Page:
Deliverance from the Spirit of Rejection
“If any man thirst, let him come unto me, and drink. He that believeth on me, as the scripture hath said, out of his belly shall flow rivers of living water. (But this spake he of the Spirit, which they that believe on him should receive: for the Holy Ghost was not yet given; because that Jesus was not glorified,” (Jn. 7: 37,38).
The spirit of adoption, a son ship with God: to attest that son ship; how great the force of faith is. The Greek word signifies a fixing or wavering of mind, so that we cannot tell which way to take. We know by the Spirit of God that we are sons of God.
“For ye have not received the spirit of bondage again to fear; but ye have received the Spirit of adoption, whereby we cry, Abba, Father,” (Rom. 8:15).
“And not only they, but ourselves also, which have the first fruits of the Spirit, even we ourselves groan within ourselves, waiting for the adoption to writ, the redemption of our body,” (Rom. 8:23).
- All this was through faith.
- Consequently, from the beginning God had purposed that salvation should be through faith.
God never expected that any soul of man should be justified by the works of the law. This gave that law only that the exceeding sinfulness of sin might appear. That man might be prepared to welcome the gospel, which proclaimed Salvation to a lost world through the atoning death of Christ.
(Deut 28:1-14), A comparison of this chapter with (Ex. 23:20-23) and (Lev. 26) will show how Moses here resumes and amplifies the promises and threats already set forth in the earlier records of the Law. The language rises in this chapter to the sublime strains, especially in the latter part of it; and the prophecies respecting the dispersion and degradation of the Jewish nation in its later days are among the most remarkable in scripture. They are plain, precise, and circumstantial; and the fulfillment of them has been literal, complete, and undeniable.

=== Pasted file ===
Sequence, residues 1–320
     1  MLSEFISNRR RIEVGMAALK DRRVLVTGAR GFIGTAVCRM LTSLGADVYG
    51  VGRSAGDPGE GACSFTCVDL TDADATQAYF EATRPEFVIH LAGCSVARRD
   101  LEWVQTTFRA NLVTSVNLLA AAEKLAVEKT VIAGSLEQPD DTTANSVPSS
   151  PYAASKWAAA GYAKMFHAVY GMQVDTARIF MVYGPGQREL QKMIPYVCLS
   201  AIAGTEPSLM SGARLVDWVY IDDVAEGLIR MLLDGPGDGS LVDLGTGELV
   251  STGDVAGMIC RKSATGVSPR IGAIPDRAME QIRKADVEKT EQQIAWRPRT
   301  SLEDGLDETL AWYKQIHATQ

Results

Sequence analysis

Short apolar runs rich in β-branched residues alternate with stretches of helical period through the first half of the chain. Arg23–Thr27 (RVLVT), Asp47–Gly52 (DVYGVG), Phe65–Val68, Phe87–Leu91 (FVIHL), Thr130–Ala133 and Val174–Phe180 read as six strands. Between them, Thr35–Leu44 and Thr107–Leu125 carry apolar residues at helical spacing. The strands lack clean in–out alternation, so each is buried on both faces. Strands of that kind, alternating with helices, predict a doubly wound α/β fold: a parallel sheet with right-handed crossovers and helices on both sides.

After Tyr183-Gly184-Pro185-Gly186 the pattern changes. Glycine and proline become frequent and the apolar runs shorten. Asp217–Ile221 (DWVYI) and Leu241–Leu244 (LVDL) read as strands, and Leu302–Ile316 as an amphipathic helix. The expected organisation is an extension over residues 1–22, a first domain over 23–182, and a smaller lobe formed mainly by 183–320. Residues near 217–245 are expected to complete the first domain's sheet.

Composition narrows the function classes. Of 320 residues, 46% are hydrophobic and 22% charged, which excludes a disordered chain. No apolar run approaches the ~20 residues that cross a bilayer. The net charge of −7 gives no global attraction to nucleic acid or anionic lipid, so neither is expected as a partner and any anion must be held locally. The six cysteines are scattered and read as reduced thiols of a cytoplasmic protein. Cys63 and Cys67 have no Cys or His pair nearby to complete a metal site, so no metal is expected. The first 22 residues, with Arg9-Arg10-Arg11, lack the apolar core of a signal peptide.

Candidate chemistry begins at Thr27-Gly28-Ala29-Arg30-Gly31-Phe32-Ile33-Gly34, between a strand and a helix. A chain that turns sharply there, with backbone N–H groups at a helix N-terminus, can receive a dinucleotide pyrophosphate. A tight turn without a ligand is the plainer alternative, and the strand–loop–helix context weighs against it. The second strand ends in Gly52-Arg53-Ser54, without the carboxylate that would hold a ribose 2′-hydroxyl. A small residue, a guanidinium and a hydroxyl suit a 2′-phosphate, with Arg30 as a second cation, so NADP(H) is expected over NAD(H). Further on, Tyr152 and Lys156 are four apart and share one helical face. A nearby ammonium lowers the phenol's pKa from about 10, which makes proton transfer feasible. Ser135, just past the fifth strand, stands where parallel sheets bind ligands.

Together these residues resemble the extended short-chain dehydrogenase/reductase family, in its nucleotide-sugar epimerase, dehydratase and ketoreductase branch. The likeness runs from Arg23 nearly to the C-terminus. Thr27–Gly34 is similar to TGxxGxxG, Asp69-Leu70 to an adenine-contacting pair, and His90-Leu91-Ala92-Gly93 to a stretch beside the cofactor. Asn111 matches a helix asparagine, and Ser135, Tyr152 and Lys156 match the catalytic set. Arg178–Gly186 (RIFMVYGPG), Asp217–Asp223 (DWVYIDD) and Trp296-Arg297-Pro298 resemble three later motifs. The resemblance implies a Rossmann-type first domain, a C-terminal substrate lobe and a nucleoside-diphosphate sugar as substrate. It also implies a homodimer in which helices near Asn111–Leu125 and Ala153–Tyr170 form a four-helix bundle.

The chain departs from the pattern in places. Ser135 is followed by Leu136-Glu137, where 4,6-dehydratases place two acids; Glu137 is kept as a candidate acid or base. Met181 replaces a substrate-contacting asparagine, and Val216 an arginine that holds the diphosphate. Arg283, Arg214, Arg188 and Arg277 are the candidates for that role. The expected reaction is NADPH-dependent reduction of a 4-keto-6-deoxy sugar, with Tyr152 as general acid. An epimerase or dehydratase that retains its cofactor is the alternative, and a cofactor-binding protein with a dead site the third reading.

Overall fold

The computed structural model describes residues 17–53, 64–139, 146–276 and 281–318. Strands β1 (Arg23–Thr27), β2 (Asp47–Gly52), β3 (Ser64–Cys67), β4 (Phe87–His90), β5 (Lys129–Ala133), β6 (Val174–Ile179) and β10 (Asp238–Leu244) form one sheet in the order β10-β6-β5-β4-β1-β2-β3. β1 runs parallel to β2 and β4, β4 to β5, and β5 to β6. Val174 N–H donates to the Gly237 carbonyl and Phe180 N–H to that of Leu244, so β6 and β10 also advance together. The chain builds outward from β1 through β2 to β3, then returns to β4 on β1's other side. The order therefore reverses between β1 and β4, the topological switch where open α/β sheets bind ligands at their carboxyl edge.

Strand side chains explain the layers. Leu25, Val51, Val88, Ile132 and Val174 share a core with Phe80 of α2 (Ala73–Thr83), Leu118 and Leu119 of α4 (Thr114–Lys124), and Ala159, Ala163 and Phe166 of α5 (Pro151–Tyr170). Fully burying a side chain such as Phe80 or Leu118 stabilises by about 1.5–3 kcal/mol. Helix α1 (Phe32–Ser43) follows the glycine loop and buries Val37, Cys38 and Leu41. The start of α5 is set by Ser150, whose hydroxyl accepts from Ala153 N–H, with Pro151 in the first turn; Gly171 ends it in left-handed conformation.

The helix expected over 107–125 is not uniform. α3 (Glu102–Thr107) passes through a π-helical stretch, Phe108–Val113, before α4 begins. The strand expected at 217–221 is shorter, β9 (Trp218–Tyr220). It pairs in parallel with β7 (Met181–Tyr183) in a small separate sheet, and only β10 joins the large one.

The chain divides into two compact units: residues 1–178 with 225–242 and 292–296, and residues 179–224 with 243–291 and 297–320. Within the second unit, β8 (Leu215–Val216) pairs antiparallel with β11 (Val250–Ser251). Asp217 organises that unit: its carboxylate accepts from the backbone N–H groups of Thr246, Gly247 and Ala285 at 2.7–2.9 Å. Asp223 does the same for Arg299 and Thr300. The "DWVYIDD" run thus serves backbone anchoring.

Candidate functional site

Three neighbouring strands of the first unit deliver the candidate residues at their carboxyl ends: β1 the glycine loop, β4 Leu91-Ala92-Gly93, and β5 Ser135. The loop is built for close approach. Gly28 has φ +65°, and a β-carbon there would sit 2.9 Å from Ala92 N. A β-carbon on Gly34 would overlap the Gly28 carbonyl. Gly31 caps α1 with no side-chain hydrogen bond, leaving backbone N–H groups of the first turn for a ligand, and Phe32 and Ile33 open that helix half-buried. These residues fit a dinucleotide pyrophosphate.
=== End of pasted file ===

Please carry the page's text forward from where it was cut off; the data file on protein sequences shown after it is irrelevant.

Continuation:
The six repetitions of the word “blessed” introduce the particular forms which the blessing would take in the various relations of life. (Deut 28:1-14).
Both blessings and curses are not limited to a single individual. They are related to a family, a community, a nation or sometimes a whole civilization. Deut 28:1-14, The “store” is rather the kneading trough (Ex. 8:3; 12:34). The blessings here promised relate, it will be observed, to private and personal life. In (Deut 28:7) those which are of a more public and national character are brought forward.
Verse 5. The “basket” or bag was a customary means in the East for carrying about whatever might be needed for personal uses, (Deut 28:1-14). (Verse 9). The oath with which God vouchsafed to confirm His promises to the patriarchs (compare Gen 22:16; Heb 6:13-14), contained by implication these gifts of holiness and eminence to Israel.4 Deal with people through experience and observation is a list common indications’ curses.
- Mental and/or emotional deterioration.
- Repeated or chronic sicknesses.
- Especially if they are ancestral or without clear medical diagnosis.
- Repeated miscarriages or related female problems.
- The collapse of marriage and family estrangement.
- Where a family falls apart.
- Children under a curse.
- Mental, emotional, physical.
- Continuing financial insufficiency.
- Especially where the income seems to be adequate.
- Being accident prone.
- In family, a history of suicides or unnatural deaths.